Rediscovering Palestinian Cuisine

Kifta bi Tahina: Arab Meatballs in Tahina-Lemon Sauce

Kifta bi Tahina: Arab Meatballs in Tahina-Lemon Sauce


By now you know I take dimly-lit photos on my prehistoric iPhone SE. I also don’t do fancy plating or much food styling, which is surprising for someone as concerned with aesthetics as I am. It’s one part laziness and partially that I prefer presenting food as it looks in the home kitchen–without the prettying up–home cooking and its unadulterated results should be accessible to the reader. There is no need to feel ashamed if your roast chicken doesn’t look sculpted, perfectly browned, and is not resting languidly on a bed of colorful herbs like a Reubens painting. My kitchen has no granite countertops, there is a random collection of dinnerware from years of living in urban apartments in different cities here and abroad, and I do the vast majority of my cooking without gadgets (this does not mean I’ve given up on getting a stand mixer). Consider it my slice of activism in a world where everything is artfully styled, assembled, lit, and filtered. The focus, here, is on the food and the memory it should imprint on your palate.

Kifta bil tahina (Arab meatballs cooked in tahina sauce) is my favorite way to prepare this dish. The kifta can be formed into any shape you please: thin fingers, torpedoes, flat patties, or into a pan like a meatloaf. There are also many different ways to cook kifta–a favorite of my mother’s was to bake it in tomato sauce covered with slices of potatoes. In this recipe I’ve gone for the easy oblong shape and a simple lemon-tahina sauce that beautifully brightens the lamb. You can use beef or a 50/50 mixture of ground beef and lamb, but my preference is 100 percent lamb because it’s fatty and makes for a tender meatball. The teta way is to grind your meat at home, but for those of us who don’t feel like converting our kitchens into a butchery, just ask the grocery store butcher counter to grind the lamb twice. Flavor the kifta with Baharat–an aromatic mix of warm spices including cinnamon, coriander, cumin, allspice, clove, nutmeg, cardamom, pepper, and a dash of ground ginger. This spice mix is classically Levantine and Palestinian, and I’ve broken down the ratio of spices in previous posts.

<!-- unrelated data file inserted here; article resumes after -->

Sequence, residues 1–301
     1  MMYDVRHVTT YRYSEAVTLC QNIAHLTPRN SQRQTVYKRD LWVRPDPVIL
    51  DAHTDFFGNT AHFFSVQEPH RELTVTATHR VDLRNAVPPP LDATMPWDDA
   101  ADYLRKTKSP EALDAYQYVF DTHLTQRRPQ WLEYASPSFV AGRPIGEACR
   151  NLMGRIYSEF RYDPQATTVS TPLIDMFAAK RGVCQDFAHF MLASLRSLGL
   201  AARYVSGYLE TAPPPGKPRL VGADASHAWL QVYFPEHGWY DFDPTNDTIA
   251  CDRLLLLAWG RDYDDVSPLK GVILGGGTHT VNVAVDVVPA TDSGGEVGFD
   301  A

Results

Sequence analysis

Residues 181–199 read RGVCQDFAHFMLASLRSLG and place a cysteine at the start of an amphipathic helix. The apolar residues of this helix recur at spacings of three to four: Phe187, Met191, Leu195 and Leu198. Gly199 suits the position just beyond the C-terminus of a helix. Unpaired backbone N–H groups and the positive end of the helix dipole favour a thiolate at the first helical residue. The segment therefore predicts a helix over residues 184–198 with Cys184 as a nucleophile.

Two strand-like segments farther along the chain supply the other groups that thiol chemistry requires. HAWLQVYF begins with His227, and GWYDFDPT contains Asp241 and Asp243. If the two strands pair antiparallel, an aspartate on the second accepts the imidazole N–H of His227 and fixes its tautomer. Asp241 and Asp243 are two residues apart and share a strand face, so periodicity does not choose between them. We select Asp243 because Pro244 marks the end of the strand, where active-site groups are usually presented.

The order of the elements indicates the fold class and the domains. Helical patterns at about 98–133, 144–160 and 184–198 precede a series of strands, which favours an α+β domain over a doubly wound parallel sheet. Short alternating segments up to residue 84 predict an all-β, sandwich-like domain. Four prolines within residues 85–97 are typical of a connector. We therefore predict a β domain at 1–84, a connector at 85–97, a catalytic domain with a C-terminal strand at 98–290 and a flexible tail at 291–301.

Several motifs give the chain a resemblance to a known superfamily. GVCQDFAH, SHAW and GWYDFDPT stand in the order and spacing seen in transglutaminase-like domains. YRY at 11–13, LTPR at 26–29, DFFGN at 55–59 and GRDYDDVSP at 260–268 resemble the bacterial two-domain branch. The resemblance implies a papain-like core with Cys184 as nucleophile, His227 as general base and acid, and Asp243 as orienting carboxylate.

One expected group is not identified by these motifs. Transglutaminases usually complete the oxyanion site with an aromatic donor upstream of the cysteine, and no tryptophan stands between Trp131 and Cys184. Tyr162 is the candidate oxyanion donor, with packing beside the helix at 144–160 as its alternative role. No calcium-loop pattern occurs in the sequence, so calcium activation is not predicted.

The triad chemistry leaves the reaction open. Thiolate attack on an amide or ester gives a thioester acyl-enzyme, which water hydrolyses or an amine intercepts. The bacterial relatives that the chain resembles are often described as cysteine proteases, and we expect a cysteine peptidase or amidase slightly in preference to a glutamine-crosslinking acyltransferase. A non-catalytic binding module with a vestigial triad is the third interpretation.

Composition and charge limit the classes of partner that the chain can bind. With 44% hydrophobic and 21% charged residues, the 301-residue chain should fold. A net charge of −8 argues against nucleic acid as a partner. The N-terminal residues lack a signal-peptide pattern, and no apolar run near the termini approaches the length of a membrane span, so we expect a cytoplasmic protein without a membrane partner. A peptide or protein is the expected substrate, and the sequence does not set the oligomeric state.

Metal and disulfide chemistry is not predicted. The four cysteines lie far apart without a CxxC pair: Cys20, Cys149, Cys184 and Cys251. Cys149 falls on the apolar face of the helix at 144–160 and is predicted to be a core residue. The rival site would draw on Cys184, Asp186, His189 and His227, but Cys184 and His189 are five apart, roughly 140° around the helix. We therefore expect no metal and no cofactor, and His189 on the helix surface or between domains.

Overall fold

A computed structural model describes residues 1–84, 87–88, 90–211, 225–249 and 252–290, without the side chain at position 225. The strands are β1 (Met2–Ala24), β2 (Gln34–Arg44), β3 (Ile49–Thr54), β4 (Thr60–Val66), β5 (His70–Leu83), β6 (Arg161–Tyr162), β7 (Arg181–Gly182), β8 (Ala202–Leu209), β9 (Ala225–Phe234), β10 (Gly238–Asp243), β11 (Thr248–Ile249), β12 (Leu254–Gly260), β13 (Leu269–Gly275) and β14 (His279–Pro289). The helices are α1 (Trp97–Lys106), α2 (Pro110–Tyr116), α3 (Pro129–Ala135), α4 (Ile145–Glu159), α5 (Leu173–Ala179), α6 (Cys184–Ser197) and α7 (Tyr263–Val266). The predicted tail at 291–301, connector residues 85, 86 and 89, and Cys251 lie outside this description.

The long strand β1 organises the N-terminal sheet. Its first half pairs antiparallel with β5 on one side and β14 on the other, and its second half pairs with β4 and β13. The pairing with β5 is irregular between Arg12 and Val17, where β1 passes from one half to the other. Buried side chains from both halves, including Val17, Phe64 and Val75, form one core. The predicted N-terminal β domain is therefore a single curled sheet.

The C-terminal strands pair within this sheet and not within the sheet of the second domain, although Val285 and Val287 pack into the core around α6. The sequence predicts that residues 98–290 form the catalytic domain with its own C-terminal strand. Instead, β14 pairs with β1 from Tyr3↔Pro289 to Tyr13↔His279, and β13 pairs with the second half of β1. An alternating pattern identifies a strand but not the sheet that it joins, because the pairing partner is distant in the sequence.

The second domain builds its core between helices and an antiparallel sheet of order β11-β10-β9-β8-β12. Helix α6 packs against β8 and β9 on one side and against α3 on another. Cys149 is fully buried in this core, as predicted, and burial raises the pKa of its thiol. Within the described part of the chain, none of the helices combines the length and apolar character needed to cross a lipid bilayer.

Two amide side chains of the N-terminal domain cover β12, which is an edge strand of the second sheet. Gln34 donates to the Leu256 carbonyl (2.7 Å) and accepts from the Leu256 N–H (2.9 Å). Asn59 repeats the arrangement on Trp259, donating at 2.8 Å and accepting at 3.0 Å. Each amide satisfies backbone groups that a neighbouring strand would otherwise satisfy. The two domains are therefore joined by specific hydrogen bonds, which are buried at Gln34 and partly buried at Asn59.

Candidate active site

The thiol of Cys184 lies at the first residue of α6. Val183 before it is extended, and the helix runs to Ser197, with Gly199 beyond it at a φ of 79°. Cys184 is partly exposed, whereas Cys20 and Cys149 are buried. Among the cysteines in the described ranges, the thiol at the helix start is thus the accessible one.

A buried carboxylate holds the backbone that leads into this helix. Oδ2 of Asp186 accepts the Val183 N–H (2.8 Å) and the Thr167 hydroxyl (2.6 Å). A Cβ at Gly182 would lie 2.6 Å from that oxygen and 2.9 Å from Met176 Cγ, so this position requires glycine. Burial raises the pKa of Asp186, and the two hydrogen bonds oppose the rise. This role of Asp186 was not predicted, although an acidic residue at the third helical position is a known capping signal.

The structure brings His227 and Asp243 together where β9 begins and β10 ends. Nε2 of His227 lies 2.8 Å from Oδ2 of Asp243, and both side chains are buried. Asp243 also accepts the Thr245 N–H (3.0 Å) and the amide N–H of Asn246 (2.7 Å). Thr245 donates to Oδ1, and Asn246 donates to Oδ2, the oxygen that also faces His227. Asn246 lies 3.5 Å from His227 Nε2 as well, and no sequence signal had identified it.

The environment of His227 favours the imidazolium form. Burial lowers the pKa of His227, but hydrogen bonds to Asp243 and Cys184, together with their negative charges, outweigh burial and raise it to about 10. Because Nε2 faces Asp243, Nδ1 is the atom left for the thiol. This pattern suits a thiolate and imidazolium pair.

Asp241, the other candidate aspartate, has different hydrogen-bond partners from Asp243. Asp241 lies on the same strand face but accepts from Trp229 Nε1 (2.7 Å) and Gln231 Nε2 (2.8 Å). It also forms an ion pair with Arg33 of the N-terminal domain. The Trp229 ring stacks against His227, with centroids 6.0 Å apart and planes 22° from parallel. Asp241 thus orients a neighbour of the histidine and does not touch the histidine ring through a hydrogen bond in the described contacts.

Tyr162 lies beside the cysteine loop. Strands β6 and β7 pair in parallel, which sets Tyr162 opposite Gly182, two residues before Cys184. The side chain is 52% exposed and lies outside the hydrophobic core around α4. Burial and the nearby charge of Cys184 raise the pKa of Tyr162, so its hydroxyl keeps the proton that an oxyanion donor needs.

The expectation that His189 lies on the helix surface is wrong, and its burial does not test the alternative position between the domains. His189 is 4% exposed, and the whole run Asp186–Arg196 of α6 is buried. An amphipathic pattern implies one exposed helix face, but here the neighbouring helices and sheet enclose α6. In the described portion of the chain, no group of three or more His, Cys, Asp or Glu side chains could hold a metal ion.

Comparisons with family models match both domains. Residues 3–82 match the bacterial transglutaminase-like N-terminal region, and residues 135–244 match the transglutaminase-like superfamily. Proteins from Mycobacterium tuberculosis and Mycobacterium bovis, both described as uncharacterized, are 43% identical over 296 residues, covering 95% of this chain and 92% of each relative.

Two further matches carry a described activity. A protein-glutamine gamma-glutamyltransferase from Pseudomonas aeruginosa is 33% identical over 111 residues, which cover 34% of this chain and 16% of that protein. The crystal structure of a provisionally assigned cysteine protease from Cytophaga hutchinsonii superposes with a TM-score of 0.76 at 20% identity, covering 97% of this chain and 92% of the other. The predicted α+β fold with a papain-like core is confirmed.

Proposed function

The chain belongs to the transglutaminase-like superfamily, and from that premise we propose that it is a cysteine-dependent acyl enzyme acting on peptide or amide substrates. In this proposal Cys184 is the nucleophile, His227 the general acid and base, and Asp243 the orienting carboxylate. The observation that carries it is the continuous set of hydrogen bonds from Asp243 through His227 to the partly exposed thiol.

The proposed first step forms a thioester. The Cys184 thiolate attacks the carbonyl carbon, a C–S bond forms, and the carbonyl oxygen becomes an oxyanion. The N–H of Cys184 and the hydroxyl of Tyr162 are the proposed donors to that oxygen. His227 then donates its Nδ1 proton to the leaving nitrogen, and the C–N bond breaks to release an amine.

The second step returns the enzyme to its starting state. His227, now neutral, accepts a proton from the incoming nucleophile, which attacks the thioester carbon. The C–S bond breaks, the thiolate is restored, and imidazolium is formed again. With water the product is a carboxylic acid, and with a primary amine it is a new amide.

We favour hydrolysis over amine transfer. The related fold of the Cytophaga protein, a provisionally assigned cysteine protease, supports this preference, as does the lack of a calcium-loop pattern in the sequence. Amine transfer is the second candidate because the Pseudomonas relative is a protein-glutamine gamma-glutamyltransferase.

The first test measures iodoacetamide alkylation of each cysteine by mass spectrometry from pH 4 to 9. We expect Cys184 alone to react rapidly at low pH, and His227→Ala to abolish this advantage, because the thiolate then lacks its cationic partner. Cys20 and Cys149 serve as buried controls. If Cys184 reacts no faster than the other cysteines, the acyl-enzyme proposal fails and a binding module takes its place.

Ingredients for the kifta:
1 lb ground lamb
1 yellow onion
1-2 teaspoons Baharat spice mix
1 cup flat leaf parsley
1 teaspoon olive oil for binding
1 green chili (optional if you like a bit of a kick)

For the lemon-tahina sauce:
1/2 cup tahina
1/2 cup lemon juice
2 cloves garlic, smashed
Salt, to taste (I recommend 1/2 to 1 teaspoon)
1-2 tablespoons water


1) Preheat oven to 375F. Either finely dice parsley and onion by hand, or pulse together in a food processor until diced. Don’t run the food processor too long, or you will have a watery mixture.
2) In a bowl, mix together the kifta ingredients: lamb, parsley, onion, spices, olive oil and evenly incorporate them. I typically do this by hand.

3) Form into oblong balls, then place in a baking dish.

Kifta baked in Pyrex: A study in contrast

4) Whisk together tahina, lemon juice, crushed garlic, salt, and a couple of tablespoons of water.
5) Place the baking dish with kifta in the oven for about 10-15 minutes until they are cooked through. Turn them halfway through baking.
6) After 10-15 minutes, take out the baking dish and pour the lemon-tahina mixture over the kifta. Bake another 10 minutes or until the tahina sauce bubbles and thickens. Remove from the oven. You can serve the kifta over rice, and garnish with chopped parsley and pine nuts.

Makes about 16 meatballs

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